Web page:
Tom McCarthy is always drawn

Tom McCarthy is one of those actors that you know you know but, dammit, you can’t quite place him.

Maybe you’re thinking of his duplicitous Baltimore Sun journalist Scott Templeton in the fifth and final season of The Wire? Or Principal Caden in The Lovely Bones? Dr. Bob in the Meet The Parents franchise? Jeff in Fair Game, Gordon in 2012, James Bradley in Flags Of Our Fathers or Palmer Williams in Good Night, And Good Luck?
And if you’re a fan of Law & Order, you would have seen him as Donald in 2002’s The Ring, Lambert in 2003’s Bodies, and John in 2008’s Darkness.

“Yeah, that’s how memorable I am,” laughs the 45-year old, New Jersey born McCarthy. “I can pop up in one series as three different people, and there are no letters of complaint. Even the producers know, hey, this guy won’t be remembered from the last time…”

Then again, that’s pretty much what most actors dream of – anonymity. It’s what drove Robert De Niro to such great heights back in the beginning, back when celebrity culture was omnipresent, and a leading man could avoid the press if he wanted to. Back then, it was all about the work, not the fame.

McCarthy isn’t just a forgettable face who just happens to be a fine actor though. He’s a fine filmmaker too, both as a writer (working on the likes of Pixar’s Up) and as a director (helming the recent HBO hit Game Of Thrones).
Combine those two talents, and McCarthy has come up with the Peter Dinklage-led The Station Agent (2003), Richard Jenkins tackling America’s immigration laws in The Visitor (’08) and now, Paul Giamatti playing a smalltown attorney raging against the dying of his jaded life and fading practice in Win Win.

With your own films, and in some of your acting jobs, you seem to be drawn to beautiful losers. Are you working out some issues here?
THOMAS MCCARTHY: Aren’t we all [laughs]? I think everyday people are the most fascinating, and most people have struggles, quiet battles that don’t exactly make the local news. I’m certainly drawn to the little guy that you don’t really notice, because, truth is, we all have a story to tell. Whether you’re the guy who drives an articulated lorry all day, or you handle small claims, or make balloons, there are universal truths in every life.

The universal truth in Win Win seems to be, hey, it’s okay to lie a little every now and then, if your intentions are good. So, when Paul Giamatti’s Mike Flaherty becomes a guardian to an elderly client ostensibly to save him from being taken into care but also for the much-needed money, there’s a blurred line there…
Absolutely. There are blurred lines all over our lives, where we’re not being completely and utterly selfless, and just helping others all the time and never helping ourselves. It’s a decision most people face every day, in one way or another – do I buy the organic, free range or save $3 and buy the factory-produced eggs? There are many parts of our lives that are out-of-sight and therefore out-of-mind. Guilty pleasures, compromises, little white lies…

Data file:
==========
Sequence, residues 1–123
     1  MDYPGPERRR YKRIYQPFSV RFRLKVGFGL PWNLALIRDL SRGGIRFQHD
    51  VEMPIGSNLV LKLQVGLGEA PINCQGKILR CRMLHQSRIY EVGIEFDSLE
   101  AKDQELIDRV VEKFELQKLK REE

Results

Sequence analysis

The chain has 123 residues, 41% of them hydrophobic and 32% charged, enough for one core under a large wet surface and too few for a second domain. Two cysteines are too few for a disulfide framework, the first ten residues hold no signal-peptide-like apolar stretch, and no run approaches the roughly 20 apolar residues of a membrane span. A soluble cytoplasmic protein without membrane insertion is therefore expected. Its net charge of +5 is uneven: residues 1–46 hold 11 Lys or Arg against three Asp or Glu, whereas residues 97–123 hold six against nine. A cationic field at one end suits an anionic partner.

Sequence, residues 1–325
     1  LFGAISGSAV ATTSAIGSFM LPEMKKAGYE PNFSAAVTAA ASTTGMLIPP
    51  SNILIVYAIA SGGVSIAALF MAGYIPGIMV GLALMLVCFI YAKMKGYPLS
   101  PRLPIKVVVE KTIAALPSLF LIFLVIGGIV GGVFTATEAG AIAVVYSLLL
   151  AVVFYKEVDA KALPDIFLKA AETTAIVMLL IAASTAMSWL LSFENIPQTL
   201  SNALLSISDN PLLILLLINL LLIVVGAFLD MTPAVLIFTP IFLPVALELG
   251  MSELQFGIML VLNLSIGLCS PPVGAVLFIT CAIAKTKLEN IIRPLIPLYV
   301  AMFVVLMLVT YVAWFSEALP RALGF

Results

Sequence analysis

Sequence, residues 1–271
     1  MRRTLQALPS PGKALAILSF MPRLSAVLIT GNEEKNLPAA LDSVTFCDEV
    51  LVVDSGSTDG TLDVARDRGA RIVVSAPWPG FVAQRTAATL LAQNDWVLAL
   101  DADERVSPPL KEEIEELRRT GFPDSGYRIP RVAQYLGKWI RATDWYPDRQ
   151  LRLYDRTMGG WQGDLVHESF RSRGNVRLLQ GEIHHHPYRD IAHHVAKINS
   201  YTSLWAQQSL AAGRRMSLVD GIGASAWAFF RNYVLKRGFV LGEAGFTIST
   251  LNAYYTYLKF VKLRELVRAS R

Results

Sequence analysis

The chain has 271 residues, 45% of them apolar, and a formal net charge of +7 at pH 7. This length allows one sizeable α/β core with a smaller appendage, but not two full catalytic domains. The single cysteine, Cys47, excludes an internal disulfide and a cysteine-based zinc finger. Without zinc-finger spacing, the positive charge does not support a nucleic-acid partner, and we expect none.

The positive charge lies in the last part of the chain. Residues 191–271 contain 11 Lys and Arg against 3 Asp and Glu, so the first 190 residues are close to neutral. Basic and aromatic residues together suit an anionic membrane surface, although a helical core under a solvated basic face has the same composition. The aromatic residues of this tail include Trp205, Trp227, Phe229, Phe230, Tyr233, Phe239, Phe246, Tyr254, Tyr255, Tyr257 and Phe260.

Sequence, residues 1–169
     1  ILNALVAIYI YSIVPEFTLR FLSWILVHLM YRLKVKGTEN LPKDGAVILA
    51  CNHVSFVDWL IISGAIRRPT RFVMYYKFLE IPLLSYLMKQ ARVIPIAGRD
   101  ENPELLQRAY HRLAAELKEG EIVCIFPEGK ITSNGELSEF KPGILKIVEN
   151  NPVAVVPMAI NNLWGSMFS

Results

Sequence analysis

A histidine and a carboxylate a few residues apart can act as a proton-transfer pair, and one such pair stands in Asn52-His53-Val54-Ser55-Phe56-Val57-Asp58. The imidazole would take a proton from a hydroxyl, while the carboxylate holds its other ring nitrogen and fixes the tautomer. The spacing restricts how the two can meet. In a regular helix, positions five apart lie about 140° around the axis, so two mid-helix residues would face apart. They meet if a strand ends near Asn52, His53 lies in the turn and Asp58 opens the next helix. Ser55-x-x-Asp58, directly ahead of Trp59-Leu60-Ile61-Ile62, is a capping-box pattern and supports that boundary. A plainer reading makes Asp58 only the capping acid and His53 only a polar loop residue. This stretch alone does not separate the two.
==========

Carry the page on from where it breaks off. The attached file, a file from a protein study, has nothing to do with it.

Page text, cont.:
Giamatti wears these kinds of roles well – he has the hunched shoulders of a beautiful loser. He’s basically Eeyore, partly shaven, and trained how to walk just about upright…
That’s exactly who he is [laughs]. Actually, Paul is deceptively shambolic in his work, to the point where you think, well, you forget he’s acting. He just becomes this guy in front of your eyes. I think it’s because the characters he likes to play often exist below the radar, so audiences quickly forget about the artifice, and therefore don’t really think about the acting involved. Which is what every actor dreams of, of course…

You pulled together a damn fine supporting cast – fellow Wire and current Office cast member Amy Ryan, Jeffrey Tambor, Burt Young, Bobby Cannavale, and a find in young Alex Shaffer. Find him through his wrestling success, winning the New Jersey State Wrestling Championship at 17…?
Yeah, Alex was an incredible find. His skills as a wrestler were crucial here, given that his character is pretty skilled as a wrestler, but the ability to act was more important. And Alex just held his own, beautifully, alongside all these seasoned pros. In casting, you really do look out for people who are right for the role, and Alex was perfect.

Fox Searchlight have a reputation for turning small American indie films with a black heart into box-office giants – thinking about Sideways, Little Miss Sunshine, Juno…
Yeah, Fox Searchlight have been great. They know how to market a film, and how to find the right audience. I don’t think we’ve got a Sideways on our hands here, but it’s comforting to know that Win Win is getting out there. The fact that I’m talking to a journalist in Ireland about it is a good feeling. You guys make up about fifty-percent of the European market, right?

It’s actually fifty-five-percent. Finally, you’re a fine actor too, but like all actors, sometimes, you have to take the money and run. Feel ready to apologise for Little Fockers yet?
I would never apologise for a film [laughs] – especially someone else’s. I think audiences know what they’re going to get with certain franchises, and there’s no harm in that. It was pretty standard back in the early days of cinema, when you’d have the Road To… series with Bing and Bob, or the Thin Man franchise. No one got hurt, and there were a few laughs along the way, so, what’s to apologise for…?

Words – Paul Byrne

Win Win is in cinemas from May 20th